A Mosque in New York for a Christian Church in Mecca
A way for those behind the Ground Zero mosque to show "mutual recognition and respect."
August 15, 2010 - 12:00 am
The principal mosque in Rome has a surface area of 30,000 square meters and can hold thousands of believers. The Christian church of Mecca has a surface area of zero square meters and can hold zero believers. In fact, there is no Christian church in Mecca. In other words, Rome is an open city and Mecca is a closed city.
There has never been opposition by Muslims to the exclusive character of Mecca. Their main sanctuary is located there, and it is forbidden for non-believers to cross the city limits. No other sanctuary of any world religion is closed to members of different creeds. The Western Wall in Jerusalem, the Jews’ holiest site, can be visited by anyone — Muslims, Christians, or Buddhists. The Basilica of Saint Peter in the Vatican, the center of the Roman Catholic religion, is open to any person that wishes to visit its splendor. Hindu and Buddhist temples welcome anyone who walks in, but not the Muslims’ main mosque.
Muslims claim that their religion contains the final message of God and that all other religions express falsehoods, lies, and distortions — which means that adherents to other religions cannot be accepted as equal human beings with the same rights. Churches are banned in Saudi Arabia. In “modern” Turkey, it is, in reality, impossible to renovate an old Christian church, let alone create one. In a traditional Islamic country, adherents of different religions who refuse to accept Muhammad as their prophet have to live a life with restrictions and special rules. They are the so-called “dhimmis” — people who believe in a single God but who should be treated with special restrictions because of their refusal to follow the prophet Muhammad.
In the Western world, Muslims claim the same rights as other believers. Although it is perfectly normal to them that their holiest site is forbidden to non-believers, they demand that nations in which other religions dominate grant them space and opportunity to build their mosques. The idea that this could be reciprocal is virtually unknown in Muslim communities since Islam is the superior creed and, by Allah’s word, should reign over the earth and over all the other religions.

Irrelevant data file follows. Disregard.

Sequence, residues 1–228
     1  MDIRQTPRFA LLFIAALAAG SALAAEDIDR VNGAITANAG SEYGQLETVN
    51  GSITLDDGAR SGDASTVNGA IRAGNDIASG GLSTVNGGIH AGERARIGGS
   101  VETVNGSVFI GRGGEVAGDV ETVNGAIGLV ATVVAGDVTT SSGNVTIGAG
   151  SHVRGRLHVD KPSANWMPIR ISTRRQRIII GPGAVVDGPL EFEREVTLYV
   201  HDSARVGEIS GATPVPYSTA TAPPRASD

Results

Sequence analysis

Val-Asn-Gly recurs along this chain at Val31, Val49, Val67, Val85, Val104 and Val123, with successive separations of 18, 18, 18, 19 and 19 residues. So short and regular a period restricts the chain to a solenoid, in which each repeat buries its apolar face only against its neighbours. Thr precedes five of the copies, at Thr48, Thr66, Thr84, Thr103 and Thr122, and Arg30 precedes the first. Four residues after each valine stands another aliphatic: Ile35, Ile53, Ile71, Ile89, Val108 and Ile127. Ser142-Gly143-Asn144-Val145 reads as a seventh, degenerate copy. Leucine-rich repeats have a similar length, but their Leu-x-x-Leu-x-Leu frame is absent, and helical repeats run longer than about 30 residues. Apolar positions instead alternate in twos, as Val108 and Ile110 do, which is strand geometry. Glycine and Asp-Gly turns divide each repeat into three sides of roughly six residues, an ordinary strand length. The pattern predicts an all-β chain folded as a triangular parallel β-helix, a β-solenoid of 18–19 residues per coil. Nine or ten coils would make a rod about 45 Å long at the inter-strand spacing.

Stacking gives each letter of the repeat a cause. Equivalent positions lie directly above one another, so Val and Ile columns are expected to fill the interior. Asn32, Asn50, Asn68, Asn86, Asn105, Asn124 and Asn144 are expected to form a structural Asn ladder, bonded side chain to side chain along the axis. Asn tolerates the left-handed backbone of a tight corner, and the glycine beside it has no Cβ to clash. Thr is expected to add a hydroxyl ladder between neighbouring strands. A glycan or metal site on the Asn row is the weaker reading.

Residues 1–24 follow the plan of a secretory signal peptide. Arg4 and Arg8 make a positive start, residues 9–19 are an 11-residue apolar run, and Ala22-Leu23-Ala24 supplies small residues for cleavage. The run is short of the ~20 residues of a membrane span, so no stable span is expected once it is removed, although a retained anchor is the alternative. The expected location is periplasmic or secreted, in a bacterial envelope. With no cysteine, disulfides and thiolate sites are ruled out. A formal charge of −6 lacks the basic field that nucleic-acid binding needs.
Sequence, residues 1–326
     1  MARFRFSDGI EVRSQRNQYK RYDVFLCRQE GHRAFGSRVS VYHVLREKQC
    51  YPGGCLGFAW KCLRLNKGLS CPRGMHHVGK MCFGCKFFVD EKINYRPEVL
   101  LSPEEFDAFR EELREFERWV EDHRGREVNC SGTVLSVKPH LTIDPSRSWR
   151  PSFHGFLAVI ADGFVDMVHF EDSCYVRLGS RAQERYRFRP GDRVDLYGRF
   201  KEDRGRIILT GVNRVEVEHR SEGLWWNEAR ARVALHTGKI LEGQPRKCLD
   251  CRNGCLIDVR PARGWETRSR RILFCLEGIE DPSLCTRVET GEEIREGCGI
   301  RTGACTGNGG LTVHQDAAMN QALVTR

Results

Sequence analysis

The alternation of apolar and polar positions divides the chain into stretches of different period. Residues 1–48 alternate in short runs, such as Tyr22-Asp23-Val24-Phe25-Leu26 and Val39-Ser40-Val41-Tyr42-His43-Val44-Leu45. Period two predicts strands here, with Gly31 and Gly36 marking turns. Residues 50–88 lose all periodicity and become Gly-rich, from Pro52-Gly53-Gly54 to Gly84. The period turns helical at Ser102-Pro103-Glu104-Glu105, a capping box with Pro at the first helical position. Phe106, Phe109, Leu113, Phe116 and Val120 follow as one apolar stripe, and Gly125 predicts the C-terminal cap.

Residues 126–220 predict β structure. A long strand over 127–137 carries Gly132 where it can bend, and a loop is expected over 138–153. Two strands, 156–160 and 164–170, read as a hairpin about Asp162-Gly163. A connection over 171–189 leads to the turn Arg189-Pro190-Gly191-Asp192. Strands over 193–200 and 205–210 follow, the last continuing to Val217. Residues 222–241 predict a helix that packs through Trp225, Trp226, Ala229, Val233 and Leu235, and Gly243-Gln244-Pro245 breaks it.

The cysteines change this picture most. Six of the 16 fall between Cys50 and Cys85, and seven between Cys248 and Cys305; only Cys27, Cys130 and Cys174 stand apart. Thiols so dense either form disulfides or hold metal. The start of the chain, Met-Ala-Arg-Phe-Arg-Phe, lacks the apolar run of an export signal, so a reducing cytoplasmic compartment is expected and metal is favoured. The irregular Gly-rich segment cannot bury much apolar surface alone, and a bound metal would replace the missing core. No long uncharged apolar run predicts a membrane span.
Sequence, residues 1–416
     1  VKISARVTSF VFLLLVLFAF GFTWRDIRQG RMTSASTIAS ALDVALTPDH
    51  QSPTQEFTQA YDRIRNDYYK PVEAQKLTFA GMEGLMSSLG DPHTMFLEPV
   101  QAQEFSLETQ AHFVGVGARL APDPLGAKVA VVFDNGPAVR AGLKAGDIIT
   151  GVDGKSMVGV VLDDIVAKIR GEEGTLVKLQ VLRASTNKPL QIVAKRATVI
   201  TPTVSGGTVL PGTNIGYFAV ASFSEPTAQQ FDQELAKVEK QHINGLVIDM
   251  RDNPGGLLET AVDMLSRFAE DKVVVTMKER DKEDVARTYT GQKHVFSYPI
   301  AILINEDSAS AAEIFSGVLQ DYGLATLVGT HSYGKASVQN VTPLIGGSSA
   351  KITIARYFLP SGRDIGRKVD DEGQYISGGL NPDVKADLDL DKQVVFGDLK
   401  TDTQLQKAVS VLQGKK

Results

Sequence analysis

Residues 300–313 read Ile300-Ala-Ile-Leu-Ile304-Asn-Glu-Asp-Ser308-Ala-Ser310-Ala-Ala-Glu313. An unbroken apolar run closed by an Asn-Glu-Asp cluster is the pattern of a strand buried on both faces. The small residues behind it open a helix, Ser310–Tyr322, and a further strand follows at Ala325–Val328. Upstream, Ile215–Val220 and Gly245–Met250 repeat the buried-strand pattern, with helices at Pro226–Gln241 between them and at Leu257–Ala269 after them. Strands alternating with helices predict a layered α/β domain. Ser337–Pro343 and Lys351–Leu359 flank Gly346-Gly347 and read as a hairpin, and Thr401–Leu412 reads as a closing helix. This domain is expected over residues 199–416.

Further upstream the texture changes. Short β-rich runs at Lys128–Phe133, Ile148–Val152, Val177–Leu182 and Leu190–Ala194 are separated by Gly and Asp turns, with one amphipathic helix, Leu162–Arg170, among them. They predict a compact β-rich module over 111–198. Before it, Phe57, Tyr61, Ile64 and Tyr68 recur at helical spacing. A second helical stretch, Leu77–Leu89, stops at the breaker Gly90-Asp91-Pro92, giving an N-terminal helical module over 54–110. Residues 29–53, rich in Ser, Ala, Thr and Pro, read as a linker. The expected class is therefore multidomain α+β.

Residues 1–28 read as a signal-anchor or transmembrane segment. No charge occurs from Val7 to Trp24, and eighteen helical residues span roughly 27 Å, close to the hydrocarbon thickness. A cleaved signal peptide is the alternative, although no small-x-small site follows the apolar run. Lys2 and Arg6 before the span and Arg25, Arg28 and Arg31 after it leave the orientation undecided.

Reciprocity would be like a denial of Allah’s word.
It speaks for itself that Muslims will try to build a mosque close to one of America’s most sacred sites, the area of the World Trade Center. They expect non-believers to step back and bow to their demands. The whole world should be open to Muslims, while in the Islamic world different religions should be restricted and controlled.
In The Jews of Islam, Bernard Lewis writes:
The claim to tolerance, now much heard from Muslim apologists and more especially from apologists for Islam, is also new and of alien origin. It is only very recently that some defenders of Islam have begun to assert that their society in the past accorded equal status to non-Muslims. No such claim is made by spokesmen for resurgent Islam, and historically there is no doubt that they are right. Traditional Islamic societies neither accorded such equality nor pretended that they were so doing. Indeed, in the old order, this would have been regarded not as a merit but as a dereliction of duty. How could one accord the same treatment to those who follow the true faith and those who willfully reject it? This would be a theological as well as a logical absurdity.